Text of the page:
Whitekirk & Tyninghame | Environment
By the end of 2000, the ecclesiastical parish boundaries remained as they had been for generations, though that year, Presbytery had threatened to amend them. The civil parish boundaries too remained unchanged, but the two however, did not exactly coincide.
The floods of 1948 did cause severe damage on that part of the parish bordering the river Tyne, which – until the construction of Buist’s embankment and the sea wall on the,south bank of the river in 1820 – was largely salt marsh.
At Kirklandhill, the sea breached the sea wall and flooded a large acreage; the wall was repaired by the Department of Agriculture but the land could not be used for two and a half years. Knowes Mill was three feet underwater and Tyninghame sawmill was completely flooded. By comparison the 1992 floods did only moderate damage.
The once majestic Binning Wood, which had boasted the tallest tree in Scotland, a Scots fir over 100 feet tall, had been clear-felled during the war, the beech to make the frames of Mosquito aircraft, the rest for pit props and other uses. Over the 15 years of its replanting, roe deer, badgers, foxes, grey squirrels and numerous birds returned; an effort to control the greys and encourage the red squirrel was begun, with the importation of some darker reds from the Black Forest in Germany. Careful management over the years has made the woods a profitable source of timber and an increasingly beautiful amenity open to the public. On the old Newbyth estate can be found the largest oak plantation in Scotland.
Intensive cultivation of the fields has reduced the partridge population but on the golf course skylarks flourished and the lochans and ponds host mallard and tufted duck. The rabbit and hare population had been the scourge of the land; after the war a determined co-operative effort had vastly reduced their numbers, which still fluctuate with seasons, disease and the attention of stoats.
Many greenfinch nest on the unspoilt whins above Whitekirk village, numerous goldfinch are still summer visitors but there are fewer swallows and swifts. A barn owl had relocated from the tithe barn to an old quarry. Many greylag and pinkfoot geese visit in the winter, as do whooper swans. Crows, rooks and jackdaws have increased as the regular shoots were abandoned. Kestrels, sparrow hawks and several buzzards had taken up residence. A green parrot was seen around Whitekirk for several years.
By an access agreement signed on 18 December 1974 (Tindall, F.P. 1998 p236) the Earl of Haddington agreed to make available to the John Muir Trust the lovely stretch of Ravensheugh Sands, St Baldred’s Cradle and the Tynemouth for public use, and at about the same time the Dale family opened Seacliff beach and the Geagan. Large numbers of wading birds, gulls, gannets, cormorants, shelduck and eider, curlews, terns, occupy these outer reaches of the Forth Estuary. There are two designated Sites of Special Scientific Interest (S.S.S.I.s), which in effect stretch along the entire coastline of the parish. The continuation of the North Berwick coastal strip is nationally important for turnstone, purple sandpiper and eider, and for its colonies of fulmar and housemartins. The saltmarshes of the Tyne estuary support breeding terns, again of national importance.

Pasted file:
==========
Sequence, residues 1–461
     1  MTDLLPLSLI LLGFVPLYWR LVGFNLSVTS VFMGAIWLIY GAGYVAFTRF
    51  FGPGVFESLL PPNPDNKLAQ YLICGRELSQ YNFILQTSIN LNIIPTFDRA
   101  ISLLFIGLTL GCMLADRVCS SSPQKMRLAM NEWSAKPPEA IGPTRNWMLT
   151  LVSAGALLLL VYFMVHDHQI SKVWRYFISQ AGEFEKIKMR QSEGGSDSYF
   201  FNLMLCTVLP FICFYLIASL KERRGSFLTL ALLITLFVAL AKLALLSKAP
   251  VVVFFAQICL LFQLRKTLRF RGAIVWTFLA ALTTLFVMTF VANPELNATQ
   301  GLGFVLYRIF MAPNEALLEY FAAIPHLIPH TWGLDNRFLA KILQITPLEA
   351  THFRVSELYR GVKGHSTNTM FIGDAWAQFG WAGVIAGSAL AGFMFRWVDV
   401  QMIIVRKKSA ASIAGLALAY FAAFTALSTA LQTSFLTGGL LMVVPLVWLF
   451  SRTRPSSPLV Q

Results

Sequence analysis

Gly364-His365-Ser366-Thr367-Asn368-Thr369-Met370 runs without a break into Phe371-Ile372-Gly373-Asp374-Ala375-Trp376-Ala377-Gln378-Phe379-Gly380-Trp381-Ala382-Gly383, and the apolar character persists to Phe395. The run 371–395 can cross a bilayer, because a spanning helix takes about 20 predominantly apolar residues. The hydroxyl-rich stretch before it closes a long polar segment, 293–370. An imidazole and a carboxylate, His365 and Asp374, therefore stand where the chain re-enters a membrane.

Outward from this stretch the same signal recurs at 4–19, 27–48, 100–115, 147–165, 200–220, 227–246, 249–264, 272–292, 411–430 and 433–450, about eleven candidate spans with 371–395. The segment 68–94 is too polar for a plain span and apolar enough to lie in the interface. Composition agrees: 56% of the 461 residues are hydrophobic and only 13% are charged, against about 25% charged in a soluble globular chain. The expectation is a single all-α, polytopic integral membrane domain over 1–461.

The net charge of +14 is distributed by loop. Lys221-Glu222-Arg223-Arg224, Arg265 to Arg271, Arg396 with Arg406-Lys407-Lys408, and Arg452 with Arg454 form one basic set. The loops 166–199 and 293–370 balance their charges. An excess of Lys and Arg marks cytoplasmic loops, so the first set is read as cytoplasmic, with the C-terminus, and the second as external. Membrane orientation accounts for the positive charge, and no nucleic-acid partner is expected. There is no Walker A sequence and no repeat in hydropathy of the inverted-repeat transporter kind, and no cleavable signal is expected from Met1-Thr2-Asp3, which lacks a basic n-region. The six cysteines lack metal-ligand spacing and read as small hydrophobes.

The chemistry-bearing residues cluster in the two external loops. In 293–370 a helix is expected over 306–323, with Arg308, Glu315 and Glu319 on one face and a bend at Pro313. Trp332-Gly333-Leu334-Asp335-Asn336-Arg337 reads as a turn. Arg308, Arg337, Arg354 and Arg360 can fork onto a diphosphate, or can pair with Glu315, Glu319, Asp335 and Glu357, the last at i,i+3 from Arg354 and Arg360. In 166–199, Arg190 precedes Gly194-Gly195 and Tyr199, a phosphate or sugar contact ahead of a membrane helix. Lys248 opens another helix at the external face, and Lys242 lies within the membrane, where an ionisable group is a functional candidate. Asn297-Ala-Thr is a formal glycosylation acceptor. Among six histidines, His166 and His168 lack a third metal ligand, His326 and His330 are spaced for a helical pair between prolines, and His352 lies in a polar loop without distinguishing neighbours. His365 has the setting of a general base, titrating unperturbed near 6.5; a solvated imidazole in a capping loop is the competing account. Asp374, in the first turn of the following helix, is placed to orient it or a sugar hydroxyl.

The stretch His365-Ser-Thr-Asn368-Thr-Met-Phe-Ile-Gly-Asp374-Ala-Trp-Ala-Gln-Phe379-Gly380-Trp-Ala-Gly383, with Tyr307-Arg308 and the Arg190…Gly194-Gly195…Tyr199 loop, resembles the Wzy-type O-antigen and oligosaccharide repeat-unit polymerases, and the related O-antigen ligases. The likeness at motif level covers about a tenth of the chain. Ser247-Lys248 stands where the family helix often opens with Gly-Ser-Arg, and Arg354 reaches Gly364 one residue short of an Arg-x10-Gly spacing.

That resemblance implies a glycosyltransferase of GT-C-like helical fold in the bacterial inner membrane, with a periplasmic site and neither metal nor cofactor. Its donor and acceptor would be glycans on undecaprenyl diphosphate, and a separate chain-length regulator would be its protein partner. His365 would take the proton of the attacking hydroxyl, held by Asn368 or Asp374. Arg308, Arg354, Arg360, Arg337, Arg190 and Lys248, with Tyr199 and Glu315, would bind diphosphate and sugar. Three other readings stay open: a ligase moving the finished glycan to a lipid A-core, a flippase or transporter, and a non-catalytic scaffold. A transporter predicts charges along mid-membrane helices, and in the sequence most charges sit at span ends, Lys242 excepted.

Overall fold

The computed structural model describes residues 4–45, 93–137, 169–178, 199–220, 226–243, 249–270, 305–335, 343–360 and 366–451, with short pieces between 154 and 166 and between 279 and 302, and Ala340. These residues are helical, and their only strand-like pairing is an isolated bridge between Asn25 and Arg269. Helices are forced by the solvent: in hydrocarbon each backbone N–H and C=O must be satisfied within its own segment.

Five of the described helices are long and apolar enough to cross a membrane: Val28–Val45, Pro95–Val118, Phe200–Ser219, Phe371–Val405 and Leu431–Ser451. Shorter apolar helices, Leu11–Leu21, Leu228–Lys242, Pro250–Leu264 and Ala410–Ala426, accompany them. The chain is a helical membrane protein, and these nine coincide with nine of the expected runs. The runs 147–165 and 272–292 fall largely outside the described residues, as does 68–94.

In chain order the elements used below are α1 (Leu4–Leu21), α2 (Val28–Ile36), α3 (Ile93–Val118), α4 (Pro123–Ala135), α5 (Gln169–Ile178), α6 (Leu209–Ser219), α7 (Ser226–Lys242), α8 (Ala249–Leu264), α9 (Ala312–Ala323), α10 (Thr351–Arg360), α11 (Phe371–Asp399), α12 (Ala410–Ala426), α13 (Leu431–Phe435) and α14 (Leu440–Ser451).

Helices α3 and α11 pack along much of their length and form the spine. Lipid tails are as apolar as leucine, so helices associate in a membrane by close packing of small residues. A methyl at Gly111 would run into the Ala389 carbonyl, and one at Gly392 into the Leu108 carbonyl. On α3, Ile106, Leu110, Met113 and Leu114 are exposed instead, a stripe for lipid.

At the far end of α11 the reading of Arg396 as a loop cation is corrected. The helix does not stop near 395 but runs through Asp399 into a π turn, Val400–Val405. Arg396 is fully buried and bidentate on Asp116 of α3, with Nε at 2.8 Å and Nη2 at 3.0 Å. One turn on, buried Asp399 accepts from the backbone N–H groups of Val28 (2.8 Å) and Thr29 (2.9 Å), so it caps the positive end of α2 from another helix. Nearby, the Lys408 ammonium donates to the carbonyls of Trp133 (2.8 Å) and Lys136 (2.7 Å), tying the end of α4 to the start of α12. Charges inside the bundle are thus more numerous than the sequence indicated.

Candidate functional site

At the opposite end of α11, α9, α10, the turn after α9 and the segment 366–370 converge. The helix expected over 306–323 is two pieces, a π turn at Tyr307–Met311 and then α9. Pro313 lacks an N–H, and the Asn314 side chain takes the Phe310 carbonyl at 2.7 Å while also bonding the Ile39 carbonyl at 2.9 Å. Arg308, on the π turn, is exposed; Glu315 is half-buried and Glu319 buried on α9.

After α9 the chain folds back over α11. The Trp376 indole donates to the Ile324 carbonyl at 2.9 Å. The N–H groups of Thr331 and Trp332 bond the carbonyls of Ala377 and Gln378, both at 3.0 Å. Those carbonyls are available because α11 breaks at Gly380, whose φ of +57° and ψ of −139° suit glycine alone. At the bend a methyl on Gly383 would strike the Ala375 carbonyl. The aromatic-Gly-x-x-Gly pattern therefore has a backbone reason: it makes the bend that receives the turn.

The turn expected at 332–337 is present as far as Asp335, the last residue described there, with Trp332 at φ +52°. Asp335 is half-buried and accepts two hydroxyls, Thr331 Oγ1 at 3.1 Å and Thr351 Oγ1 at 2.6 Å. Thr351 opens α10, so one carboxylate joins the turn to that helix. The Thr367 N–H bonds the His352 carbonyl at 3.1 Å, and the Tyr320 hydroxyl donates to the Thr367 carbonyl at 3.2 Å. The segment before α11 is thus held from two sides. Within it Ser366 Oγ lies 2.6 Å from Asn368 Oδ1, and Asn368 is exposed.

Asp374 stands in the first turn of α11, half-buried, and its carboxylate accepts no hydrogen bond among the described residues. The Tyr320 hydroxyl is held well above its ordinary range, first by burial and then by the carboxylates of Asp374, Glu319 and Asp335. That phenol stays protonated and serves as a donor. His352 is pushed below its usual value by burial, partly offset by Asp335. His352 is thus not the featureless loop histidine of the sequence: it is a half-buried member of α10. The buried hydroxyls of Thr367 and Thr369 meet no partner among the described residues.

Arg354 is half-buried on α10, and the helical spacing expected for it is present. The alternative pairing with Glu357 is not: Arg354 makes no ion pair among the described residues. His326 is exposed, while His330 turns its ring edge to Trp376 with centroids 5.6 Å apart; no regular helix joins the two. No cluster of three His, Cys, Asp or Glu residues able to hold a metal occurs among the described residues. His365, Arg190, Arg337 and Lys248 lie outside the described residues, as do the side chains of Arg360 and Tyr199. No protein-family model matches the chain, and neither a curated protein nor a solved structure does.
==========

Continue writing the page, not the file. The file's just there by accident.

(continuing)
Seacliff Harbour with Gegan rock in background.
The coastal stretches and large swathes of inland country had been restricted areas during the war. A lively fear of possible invasion had led to the deployment of concrete blocks, barbed wire, pillboxes like that at Whitberry Point, and wooden posts set in concrete to deter glider landings on Ravensheugh Sands. Many landmines were laid. These were all slowly cleared in the 1950s, though attempts by the Home Guard to blow up the concrete blocks only served to fill nearby trees with fragments of stone, making them dangerous to fell. At the end of the period some decaying relics of these defences remained.
In 2000, as in 1945, the parish could be divided into three distinct areas: the land and farms owned by the Dale family; Tyninghame estate; and Newbyth estate. While the ownership of the first two of these had remained relatively unchanged for 55 years, in contrast, Newbyth estate was no more. Broken up in 1946, it was no longer a single cohesive unit.
Auldhame, Seacliff, Scoughall and Lochhouses all remained in the hands of branches of the Dale family, though Auldhame House had been sold to a private buyer and William Dale had bought Lochhouses from Lord Haddington, his landlord, in 1984. The Dales also farmed New Mains in a shared farming agreement with Charles Lambert through their manager, Neil Knox.
The Tyninghame estate is owned by the Earl of Haddington (the 12th earl to 1986, and then the 13th). In 2000, it was either managed by his factor, Alastair Milligan (Tyninghame Links, Lawhead, Binning Wood), or farmed by tenants (Peter Cochrane at Knowes, Robert Carswell at Kirklandhill); the mansion and some lands outside the parish boundaries had been sold. Nevertheless, to all appearances the estate was much as it had been in 1945.
The dowager Lady Haddington had remained at Tyninghame when the rest of the family took up residence at Mellerstain, and then the mansion was sold in 1987 for £250,000 to Kit Martin. He divided it up into nine apartments, preserving the outward appearance of the house, and sold these on to private owners. The owners are obliged to maintain garden and grounds and have their own garden committee on which Lord Haddington or his representative sit as one member.
Tyninghame village had been established in 1761 as a model planned estate village and remained so in 1950. There were about 100 people employed on the estate but 50 years later, as machinery took over, the number had dwindled to five. Many houses in the village had been sold or let privately and ten plots sold for sympathetically designed housing.